Health Minister of Sierra Leone, Soccoh Kabia, said on Thursday that Medical and aid official in the country are preparing for an anticipated outbreak of Lassa fever. The disease claims about 200 lives every year.
The viral infection "is endemic over this period in the eastern district of the country", including the third largest city, Kenema, and the outlying towns of Tongo Field and Panguma in the diamond mining belt, Kabia said.
"We are studying the current situation and compiling reports on a possible outbreak as between January and February, the disease is at its peak with the preparation of farming activities," the minister told AFP in an interview.
He explained that when farmers were clearing and burning the brush, "the bush rats who carry the virus take cover in residential homes," then "people come in contact with the virus through excreta and urine of the bush rats and in some cases, people feed on these rats and are then exposed to the complications."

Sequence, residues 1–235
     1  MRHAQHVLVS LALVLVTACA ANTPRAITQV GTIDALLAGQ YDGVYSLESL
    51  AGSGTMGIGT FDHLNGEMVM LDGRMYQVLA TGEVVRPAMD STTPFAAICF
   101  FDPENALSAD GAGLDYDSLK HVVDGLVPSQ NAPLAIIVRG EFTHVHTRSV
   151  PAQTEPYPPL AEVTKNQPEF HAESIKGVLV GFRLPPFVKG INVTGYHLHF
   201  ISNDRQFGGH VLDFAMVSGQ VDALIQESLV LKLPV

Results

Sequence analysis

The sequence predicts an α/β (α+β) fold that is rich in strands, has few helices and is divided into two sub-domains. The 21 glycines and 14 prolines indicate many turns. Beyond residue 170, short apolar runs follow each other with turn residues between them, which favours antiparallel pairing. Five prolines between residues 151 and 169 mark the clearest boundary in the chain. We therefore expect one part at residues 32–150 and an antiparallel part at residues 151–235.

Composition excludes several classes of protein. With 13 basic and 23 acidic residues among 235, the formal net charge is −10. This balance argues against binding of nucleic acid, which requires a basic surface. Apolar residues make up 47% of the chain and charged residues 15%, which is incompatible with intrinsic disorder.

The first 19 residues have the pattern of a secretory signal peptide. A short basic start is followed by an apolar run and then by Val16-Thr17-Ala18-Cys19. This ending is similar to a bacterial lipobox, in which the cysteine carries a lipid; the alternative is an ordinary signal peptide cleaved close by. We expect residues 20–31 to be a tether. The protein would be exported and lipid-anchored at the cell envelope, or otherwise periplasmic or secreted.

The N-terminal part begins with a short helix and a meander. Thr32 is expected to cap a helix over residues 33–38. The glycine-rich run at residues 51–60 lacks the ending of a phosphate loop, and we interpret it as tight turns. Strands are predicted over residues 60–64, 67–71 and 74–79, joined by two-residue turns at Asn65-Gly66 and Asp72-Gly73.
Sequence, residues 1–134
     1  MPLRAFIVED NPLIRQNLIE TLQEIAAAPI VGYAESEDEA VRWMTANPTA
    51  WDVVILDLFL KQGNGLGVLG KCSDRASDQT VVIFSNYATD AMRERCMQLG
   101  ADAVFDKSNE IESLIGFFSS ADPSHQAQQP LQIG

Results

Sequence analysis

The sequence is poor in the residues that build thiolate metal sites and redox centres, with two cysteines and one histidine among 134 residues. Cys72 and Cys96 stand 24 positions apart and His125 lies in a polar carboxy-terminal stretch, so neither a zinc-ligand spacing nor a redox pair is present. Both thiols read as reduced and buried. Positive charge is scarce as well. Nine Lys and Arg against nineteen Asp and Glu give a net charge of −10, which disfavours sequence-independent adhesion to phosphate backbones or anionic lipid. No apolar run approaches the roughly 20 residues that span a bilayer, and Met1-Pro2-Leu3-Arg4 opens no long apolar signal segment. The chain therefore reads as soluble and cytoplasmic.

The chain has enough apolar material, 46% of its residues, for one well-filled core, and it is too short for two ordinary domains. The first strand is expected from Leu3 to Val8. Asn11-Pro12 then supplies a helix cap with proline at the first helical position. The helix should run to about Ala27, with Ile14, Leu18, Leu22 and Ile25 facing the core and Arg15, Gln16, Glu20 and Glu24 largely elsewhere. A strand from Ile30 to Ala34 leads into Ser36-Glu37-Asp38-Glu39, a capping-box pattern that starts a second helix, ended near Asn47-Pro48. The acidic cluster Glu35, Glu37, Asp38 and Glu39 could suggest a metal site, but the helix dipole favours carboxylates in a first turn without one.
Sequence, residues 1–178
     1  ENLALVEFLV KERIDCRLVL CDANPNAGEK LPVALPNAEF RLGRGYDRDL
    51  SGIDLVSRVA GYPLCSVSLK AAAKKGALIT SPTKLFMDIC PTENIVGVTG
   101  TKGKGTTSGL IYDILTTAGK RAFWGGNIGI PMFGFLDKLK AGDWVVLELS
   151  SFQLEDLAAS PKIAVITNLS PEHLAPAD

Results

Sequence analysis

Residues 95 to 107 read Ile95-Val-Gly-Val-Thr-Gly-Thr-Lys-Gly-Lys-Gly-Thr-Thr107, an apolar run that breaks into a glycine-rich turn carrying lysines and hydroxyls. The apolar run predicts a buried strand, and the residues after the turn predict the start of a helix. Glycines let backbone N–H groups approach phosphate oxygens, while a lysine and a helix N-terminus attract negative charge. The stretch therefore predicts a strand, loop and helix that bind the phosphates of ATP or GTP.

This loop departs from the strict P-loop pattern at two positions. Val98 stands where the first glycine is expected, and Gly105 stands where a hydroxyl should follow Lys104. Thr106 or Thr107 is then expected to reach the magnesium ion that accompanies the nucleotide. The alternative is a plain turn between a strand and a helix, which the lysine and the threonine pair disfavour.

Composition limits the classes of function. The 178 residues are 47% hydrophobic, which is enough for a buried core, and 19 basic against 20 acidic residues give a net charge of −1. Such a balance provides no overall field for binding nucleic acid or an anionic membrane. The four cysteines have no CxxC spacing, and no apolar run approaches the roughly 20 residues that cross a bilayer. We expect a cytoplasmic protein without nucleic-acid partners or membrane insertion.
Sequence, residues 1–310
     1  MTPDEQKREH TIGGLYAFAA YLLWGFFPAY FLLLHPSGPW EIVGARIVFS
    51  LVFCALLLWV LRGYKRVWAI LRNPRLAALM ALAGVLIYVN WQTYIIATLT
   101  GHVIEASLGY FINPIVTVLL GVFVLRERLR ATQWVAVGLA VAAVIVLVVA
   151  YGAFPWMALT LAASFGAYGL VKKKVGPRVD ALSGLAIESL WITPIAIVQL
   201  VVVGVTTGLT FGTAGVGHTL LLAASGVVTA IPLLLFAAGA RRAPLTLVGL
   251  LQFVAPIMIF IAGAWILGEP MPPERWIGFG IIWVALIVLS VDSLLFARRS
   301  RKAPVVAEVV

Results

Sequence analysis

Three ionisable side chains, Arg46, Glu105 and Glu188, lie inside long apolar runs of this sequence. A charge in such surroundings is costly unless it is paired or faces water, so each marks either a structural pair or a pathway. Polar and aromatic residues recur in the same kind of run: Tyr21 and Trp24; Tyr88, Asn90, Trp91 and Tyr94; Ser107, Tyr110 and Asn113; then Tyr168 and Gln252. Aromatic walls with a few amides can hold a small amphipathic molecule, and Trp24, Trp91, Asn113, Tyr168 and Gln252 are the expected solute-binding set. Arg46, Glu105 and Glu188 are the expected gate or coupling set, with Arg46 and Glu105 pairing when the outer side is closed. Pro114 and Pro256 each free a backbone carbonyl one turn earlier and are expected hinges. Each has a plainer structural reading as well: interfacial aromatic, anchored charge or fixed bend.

Preventive measures taken include the establishment of a remedial centre in Kenema, with aid from the UN World Health Organisation (WHO), the UN Children's Fund (UNICEF) and World Food Programme and a British non-governmental organisation, Merlin.
"It is a disease to take seriously because of its high rate of mortality," Kabia warned. "If it is not acted on, 90 percent of unborn babies as well as suckling and pregnant women will be at risk."
District Medical Officer Yankuba Bah said "people affected by Lassa fever don't go for treatment in hospitals but prefer risky cure from fake medical workers at cheaper costs."
The disease, which causes fever, headache, difficulty in swallowing and can lead to infection of vital organs and death, is named for a village in Nigeria where it was identified.
An opposition member of parliament from Kenema, Francis Konuwa, said the district "is a Lassa fever belt. Poor water facilities as well as the unavailability of trained and qualified health officers have worsened the situation. We drink water from the same source where rats also drink."
According to WHO statistics, life expectancy in the west African state is estimated at 38 years as the country is among those with the lowest life expectancy at birth.
Before Sierra Leone was ravaged by a brutal 1991-2001 civil war, the average lifespan of Sierra Leoneans was about 45 years. The enormity of public health problems is largely considered accountable for such a short life expenctancy, the WHO assessment said.